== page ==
formation of indian national congress

Formation of Indian National Congress

In the later 1870s and early 1880s, a solid ground had been prepared for the establishment of an all-India organization. The final shape of this idea was given by a retired English civil servant, A.O. Hume, who mobilized leading intellectuals of the time and, with their cooperation, organized the first session of the Indian National Congress at Gokuldas Tejpal Sanskrit College in Bombay in December 1885.
  • The first session of the Indian National Congress was attended by 72 delegates and presided over by Womesh Chandra Banerjee. Hereafter, the Congress met every year in December, in a different part of the country each time.
  • There is a theory that Hume formed the Congress with the idea that it would prove to be a ‘safety valve’ for releasing the growing discontent of the Indians. To this end, he convinced Lord Dufferin not to obstruct the formation of the Congress. The extremist leaders like Lala Lajpat Rai believed in the ‘safety valve’ theory.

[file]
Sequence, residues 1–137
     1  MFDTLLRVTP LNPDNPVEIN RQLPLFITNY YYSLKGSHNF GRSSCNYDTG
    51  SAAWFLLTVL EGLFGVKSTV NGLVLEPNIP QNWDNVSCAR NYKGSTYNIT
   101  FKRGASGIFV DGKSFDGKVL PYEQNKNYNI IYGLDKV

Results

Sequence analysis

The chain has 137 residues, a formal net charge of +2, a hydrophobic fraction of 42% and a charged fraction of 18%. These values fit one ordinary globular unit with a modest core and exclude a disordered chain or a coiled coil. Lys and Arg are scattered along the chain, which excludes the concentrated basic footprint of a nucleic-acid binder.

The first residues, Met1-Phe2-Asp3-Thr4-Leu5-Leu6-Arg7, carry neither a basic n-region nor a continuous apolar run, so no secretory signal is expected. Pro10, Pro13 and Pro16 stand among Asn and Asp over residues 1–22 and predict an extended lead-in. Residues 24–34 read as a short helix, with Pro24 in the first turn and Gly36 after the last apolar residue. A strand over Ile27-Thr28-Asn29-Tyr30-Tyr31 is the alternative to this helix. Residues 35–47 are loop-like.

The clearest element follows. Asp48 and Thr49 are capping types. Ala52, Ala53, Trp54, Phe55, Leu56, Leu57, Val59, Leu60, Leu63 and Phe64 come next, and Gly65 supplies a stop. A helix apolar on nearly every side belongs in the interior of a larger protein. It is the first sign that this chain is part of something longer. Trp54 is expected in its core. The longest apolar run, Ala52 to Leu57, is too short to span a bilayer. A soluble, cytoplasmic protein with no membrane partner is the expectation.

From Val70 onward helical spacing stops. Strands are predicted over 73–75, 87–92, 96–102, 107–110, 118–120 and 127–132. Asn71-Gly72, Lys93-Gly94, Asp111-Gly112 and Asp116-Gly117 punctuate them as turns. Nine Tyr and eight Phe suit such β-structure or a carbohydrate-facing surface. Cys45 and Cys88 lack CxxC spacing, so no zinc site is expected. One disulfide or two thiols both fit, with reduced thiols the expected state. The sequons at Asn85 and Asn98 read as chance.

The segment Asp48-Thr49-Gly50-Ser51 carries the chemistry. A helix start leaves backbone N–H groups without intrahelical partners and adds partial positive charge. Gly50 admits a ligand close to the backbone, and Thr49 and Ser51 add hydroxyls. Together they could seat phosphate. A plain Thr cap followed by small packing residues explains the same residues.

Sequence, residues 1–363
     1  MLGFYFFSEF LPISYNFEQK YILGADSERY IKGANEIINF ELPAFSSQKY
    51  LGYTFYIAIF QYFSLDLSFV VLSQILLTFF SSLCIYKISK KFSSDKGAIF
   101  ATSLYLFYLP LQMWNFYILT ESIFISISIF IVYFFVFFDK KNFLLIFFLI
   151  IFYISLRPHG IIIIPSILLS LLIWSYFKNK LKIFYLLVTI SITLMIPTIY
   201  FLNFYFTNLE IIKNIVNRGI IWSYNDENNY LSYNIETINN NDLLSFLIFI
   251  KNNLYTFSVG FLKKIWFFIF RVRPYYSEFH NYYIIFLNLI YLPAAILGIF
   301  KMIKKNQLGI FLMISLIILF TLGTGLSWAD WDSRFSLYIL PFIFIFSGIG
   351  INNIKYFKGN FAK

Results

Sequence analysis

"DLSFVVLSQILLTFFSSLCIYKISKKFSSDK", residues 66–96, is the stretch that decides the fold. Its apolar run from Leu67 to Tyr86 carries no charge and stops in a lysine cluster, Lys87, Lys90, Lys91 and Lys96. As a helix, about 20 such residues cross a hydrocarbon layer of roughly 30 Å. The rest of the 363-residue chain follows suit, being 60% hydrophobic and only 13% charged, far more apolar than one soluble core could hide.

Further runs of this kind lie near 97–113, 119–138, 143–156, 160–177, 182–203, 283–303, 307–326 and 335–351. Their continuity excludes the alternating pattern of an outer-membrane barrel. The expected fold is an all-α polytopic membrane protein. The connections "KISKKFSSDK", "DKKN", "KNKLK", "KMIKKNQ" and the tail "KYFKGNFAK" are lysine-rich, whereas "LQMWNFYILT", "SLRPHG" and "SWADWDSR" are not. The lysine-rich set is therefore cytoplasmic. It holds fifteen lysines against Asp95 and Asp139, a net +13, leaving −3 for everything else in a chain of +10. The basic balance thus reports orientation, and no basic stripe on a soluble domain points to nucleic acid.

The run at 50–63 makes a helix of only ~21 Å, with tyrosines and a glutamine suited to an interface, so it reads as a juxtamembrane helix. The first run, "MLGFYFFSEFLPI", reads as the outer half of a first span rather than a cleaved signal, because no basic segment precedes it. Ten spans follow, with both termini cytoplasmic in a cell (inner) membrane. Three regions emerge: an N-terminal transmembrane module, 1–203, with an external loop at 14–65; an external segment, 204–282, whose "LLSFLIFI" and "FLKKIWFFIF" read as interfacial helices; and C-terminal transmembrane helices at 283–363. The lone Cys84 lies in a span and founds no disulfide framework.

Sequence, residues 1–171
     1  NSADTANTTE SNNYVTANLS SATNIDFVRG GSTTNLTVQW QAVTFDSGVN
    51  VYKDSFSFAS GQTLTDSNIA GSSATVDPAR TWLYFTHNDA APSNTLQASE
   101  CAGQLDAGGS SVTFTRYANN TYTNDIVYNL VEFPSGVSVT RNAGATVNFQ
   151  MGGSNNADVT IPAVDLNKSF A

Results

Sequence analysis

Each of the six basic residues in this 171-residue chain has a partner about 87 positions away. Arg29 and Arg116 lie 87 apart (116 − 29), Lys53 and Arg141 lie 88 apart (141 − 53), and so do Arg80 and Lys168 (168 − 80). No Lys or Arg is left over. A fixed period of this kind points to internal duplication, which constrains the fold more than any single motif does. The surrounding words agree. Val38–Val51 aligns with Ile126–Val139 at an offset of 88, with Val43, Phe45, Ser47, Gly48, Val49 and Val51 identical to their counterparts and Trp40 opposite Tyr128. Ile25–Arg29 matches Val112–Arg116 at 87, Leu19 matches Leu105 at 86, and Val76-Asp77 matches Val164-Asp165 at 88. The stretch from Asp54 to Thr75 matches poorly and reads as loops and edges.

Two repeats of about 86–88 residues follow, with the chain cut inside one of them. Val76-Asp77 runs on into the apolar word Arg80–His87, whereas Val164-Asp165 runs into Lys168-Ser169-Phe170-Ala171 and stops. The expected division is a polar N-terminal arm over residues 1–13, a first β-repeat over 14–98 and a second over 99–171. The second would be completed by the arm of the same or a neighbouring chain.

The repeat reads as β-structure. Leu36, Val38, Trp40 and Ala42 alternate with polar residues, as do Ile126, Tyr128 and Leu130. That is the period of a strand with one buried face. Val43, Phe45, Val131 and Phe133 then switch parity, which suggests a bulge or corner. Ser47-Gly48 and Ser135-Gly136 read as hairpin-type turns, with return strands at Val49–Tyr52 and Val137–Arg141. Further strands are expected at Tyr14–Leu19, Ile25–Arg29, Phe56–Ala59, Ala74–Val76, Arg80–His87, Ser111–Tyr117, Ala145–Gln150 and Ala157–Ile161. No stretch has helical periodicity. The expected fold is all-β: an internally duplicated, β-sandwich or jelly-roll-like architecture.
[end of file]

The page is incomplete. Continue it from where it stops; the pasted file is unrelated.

• Even the Marxist historian’s ‘conspiracy theory’ was an offspring of the ‘safety valve’ notion. For example, R.P. Dutt opined that the Indian National Congress was born out of a conspiracy to abort a popular uprising in India and the bourgeois leaders were a party to it.
  • Modern Indian historians, however, opine that the INC represented the urge of the politically conscious Indians to set up a national body to express the political and economic demands of the Indians. If the Indians had convened such a body on their own, there would have been insurmountable opposition from the officials; such an organization would not have been allowed to form. In such circumstances, the early Congress leaders used Hume as a ‘lightning conductor’ i.e., as a catalyst to bring together the nationalistic forces even if under the guise of a ‘safety valve’. Gopal Krishna Gokhale believed in the ‘Lightning Conductor theory’.
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